Smaller and mid-sized manufacturing enterprises that use lasers to weld thin metal sheets typically find that lasers with continuous wave radiation are too expensive for their operations to afford. One reason for this is the high output powers necessary for the welding process.

However, pulsed Nd:YAG lasers are a cost-effective option, and offer an alternative to continuous wave lasers. Due to their high peak pulse output, it’s possible to weld with relatively low medium-output power (100 to 250 W), and investment costs can be reduced.

However, the narrower welding seams from the pulsed lasers are not as strong as the seams from continuous lasers. The results can be improved if the parameter selection is optimized. This was the goal of a project completed recently at the Laser Zentrum Hannover e.V. (LZH), a research center for laser technology, supported by the Ministry of Economic Affairs, Labor and Transport for the State of Lower Saxony (Niedersächsisches Ministerium für Wirtschaft, Arbeit und Verkehr).

The investigations were commissioned by the Research Association of the German Welding Society (DVS) and funded by the German Federation of Industrial Research Associations (AIF).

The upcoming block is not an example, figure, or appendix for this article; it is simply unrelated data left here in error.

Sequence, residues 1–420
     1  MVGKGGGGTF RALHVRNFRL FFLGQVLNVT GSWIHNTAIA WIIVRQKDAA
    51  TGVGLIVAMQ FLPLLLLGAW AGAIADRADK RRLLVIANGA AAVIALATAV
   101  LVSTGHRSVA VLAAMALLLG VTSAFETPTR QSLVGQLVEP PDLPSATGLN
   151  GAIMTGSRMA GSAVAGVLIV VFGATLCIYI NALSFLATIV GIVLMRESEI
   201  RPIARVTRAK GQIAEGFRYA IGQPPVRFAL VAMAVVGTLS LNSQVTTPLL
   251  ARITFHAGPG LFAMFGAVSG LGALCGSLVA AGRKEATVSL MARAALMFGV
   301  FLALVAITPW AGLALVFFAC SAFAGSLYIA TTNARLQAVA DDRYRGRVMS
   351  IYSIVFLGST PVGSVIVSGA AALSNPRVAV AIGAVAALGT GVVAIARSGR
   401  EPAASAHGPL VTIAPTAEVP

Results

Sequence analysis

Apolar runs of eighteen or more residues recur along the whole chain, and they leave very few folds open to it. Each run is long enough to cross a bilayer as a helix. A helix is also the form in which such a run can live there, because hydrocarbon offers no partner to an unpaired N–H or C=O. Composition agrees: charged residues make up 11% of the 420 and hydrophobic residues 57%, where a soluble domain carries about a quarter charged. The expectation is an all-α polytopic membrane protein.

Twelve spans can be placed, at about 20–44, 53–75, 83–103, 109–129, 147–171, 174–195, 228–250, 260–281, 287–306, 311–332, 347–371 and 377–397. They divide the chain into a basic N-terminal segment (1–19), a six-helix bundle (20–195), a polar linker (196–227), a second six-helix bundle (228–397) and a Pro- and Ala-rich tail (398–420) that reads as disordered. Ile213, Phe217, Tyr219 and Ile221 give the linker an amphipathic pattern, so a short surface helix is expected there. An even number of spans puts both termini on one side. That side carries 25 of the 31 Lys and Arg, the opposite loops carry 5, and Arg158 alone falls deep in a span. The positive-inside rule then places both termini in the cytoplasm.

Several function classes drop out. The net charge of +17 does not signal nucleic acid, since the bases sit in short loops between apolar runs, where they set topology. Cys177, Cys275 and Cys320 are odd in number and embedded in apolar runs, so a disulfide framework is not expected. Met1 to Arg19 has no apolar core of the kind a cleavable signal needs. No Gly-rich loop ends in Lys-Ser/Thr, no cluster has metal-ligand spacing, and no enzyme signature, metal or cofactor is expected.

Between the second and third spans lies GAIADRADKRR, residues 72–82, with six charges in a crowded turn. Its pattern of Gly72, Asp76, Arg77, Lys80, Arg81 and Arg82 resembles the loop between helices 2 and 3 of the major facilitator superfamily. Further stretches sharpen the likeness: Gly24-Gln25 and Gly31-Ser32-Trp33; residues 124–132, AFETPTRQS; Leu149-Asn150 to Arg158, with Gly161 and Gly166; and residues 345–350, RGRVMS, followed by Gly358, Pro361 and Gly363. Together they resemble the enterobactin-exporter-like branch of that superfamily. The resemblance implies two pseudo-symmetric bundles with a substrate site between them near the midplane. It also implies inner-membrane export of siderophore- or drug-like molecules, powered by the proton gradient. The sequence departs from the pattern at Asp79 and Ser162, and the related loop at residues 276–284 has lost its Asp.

The results of the project would seem to simplify the parameter selection for pulsed laser welding, for example pulse duration, pulse form or pulse peak output. Also, reference parameters for welding with continuous wave radiation have been recorded. For both types of laser welding, high seams qualities could be qualified and weld imperfections avoided, as shown in surface testing and seam cross-sections.

For the investigations, both ferritic and austenitic steels with sheets thicknesses up to 1.5 mm were butt-joint welded.

Also, thin foils with a minimal thickness of 50 μm were butt-joint welded. To accomplish this, the LZH developed and constructed a high precision clamping unit, which not only assures a zero gap, but also avoids a lateral edge mismatch.

Smaller and mid-sized manufacturers especially can benefit from the results of these welding tests. They are available via an online database at the LZH site. The database provides welding and laser parameters as well as pictures of the expected seams surfaces, cross-sections and micro-hardness tests. Manufacturers are welcome to use this data to estimate welding results. Apart from simplifying the selection of appropriate parameters, users can easily contribute to the database by adding parameters of their own welding tasks to the database and accessing them when needed.